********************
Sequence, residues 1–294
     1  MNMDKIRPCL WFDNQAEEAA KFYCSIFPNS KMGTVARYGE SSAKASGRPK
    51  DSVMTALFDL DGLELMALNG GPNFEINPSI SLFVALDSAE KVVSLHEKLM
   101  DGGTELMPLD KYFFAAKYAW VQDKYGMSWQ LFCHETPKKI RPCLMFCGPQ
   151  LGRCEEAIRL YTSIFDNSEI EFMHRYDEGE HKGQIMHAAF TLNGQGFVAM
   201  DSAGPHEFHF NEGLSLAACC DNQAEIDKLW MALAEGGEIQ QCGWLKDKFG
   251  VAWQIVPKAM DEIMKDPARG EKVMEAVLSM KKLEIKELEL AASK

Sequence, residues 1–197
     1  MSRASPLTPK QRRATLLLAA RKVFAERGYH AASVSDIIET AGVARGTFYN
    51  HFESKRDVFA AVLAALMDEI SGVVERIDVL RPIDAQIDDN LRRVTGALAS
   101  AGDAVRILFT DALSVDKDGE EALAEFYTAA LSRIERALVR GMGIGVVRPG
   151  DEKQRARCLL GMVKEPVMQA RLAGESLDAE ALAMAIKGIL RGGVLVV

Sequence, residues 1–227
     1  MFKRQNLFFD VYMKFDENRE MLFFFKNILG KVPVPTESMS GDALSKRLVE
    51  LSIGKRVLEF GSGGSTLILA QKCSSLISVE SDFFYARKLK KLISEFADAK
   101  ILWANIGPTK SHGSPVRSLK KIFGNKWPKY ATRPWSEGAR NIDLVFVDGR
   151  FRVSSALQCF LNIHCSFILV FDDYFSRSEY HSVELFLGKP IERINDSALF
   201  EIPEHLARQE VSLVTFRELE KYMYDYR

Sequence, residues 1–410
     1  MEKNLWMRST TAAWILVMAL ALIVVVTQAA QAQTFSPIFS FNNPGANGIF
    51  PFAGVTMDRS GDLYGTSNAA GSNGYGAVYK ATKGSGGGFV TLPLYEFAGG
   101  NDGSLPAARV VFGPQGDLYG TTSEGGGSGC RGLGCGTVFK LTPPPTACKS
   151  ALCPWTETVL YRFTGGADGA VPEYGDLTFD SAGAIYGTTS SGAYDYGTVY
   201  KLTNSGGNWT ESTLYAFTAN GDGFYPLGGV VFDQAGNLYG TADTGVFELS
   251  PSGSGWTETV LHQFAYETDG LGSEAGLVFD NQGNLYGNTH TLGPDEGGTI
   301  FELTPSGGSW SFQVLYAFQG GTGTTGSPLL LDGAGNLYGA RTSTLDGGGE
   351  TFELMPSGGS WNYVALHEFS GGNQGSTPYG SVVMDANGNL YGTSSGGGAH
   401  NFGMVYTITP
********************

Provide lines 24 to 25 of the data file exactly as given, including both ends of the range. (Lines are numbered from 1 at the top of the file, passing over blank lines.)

   201  KLTNSGGNWT ESTLYAFTAN GDGFYPLGGV VFDQAGNLYG TADTGVFELS
   251  PSGSGWTETV LHQFAYETDG LGSEAGLVFD NQGNLYGNTH TLGPDEGGTI